Behind every plant-based queen is an extremely annoying uncle who asks the same irritating questions every Thanksgiving. "What difference would it make if you only ate meat today?" is something you've likely heard a thousand times, after politely declining a serving of turkey. And "what does a vegetarian eat on Thanksgiving?" is another. As a vegetarian of nine years, I've endured countless uncomfortable interrogations, and rest assured, my plate is constantly loaded throughout the yearly feast.
I said a not-so-sad "farewell" to meat — including any and all meat-based Thanksgiving dishes — long ago. And to be honest, I haven't looked back, despite my uncle's irritating pleas that I try his sausage stuffing or those not-so-appetizing bacon-wrapped asparagus bites before the big meal. To be honest, there really isn't enough room on my plate for anything else, because it's already overflowing anyway.
What can vegetarians eat in general?
First, it's important to look at what exactly a vegetarian diet consists of, compared to an omnivore, pescatarian, or vegan diet, and to define the different types of vegetarianism. As you probably already know, an omnivore diet consists of both meat and plants, while a pescatarian diet avoid any land animal meat, but still includes fish and shellfish. Vegans avoid any and all animal products, including animal byproducts such as dairy, eggs, and honey; vegetarians just avoid meat.
Although a vegetarian diet is relatively straightforward and easy to abide by, there are two different types of vegetarianism that you should become familiar with. Lacto-ovo vegetarians avoid eating any types of meat, but choose to eat eggs, dairy, and honey. Lacto-vegetarians, on the other hand, avoid both eggs and meat, but they still choose to consume dairy products such as cheese, milk, and yogurt.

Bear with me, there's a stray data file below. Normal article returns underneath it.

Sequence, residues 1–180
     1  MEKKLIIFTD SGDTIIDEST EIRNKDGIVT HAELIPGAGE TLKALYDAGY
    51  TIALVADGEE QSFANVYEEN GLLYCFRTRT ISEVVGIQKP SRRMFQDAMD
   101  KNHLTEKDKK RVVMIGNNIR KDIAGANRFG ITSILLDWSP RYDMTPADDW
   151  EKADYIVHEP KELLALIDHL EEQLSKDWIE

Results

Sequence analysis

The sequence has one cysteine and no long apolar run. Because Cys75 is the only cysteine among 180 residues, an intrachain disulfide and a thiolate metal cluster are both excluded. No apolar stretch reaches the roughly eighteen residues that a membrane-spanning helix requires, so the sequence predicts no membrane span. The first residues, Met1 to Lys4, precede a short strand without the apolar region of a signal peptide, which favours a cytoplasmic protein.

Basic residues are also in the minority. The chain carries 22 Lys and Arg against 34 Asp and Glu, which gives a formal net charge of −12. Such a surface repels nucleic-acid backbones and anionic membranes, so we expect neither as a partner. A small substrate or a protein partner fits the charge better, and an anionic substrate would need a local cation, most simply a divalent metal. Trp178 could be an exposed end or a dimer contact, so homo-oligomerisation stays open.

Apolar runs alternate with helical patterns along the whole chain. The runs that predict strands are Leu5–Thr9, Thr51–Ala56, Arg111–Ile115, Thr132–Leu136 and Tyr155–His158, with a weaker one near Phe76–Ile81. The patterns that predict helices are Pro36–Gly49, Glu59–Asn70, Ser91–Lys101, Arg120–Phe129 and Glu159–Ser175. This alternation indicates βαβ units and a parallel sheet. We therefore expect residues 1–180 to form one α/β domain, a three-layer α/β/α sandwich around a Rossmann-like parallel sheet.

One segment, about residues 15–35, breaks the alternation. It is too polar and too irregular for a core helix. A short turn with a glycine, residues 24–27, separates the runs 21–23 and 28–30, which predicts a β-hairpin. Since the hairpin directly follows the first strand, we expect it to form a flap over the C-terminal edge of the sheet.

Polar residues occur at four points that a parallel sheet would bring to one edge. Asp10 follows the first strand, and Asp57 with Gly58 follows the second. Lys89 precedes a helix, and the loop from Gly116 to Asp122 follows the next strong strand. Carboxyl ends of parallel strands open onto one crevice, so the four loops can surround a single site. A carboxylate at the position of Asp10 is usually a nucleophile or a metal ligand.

Now that we know the different types of foods that different types of vegetarians are able to eat on a regular basis, let's find out what they can eat during the big Thanksgiving feast.
What do vegetarians eat at Thanksgiving?
Although vegetarians will turn down any turkey, ham, sausage stuffing, and bacon mashed potatoes, I'm happy to report there are — in fact — many incredible dishes we can enjoy. Mashed potatoes are a given, unless you don't eat dairy, since many people make their signature mash with butter and cream. This also goes for creamed spinach, mac and cheese, stuffing, and sweet potato casserole (unless marshmallows are not part of your diet, as they often contain gelatin. Fortunately, vegan marshmallows are easy to find).
Roasted veggies are always a safe bet — generally consisting of the vegetables themselves, as well as olive oil and seasoning, they can be enjoyed by vegetarians as well as vegans alike. The same goes for cranberries, stuffed acorn squash, butternut squash, green beans, and cornbread.
For dessert, vegetarians can eat just about anything — but vegans will have to be careful of anything containing butter, cream, honey, or gelatin. That's why it's definitely best to ask beforehand, if you're vegan.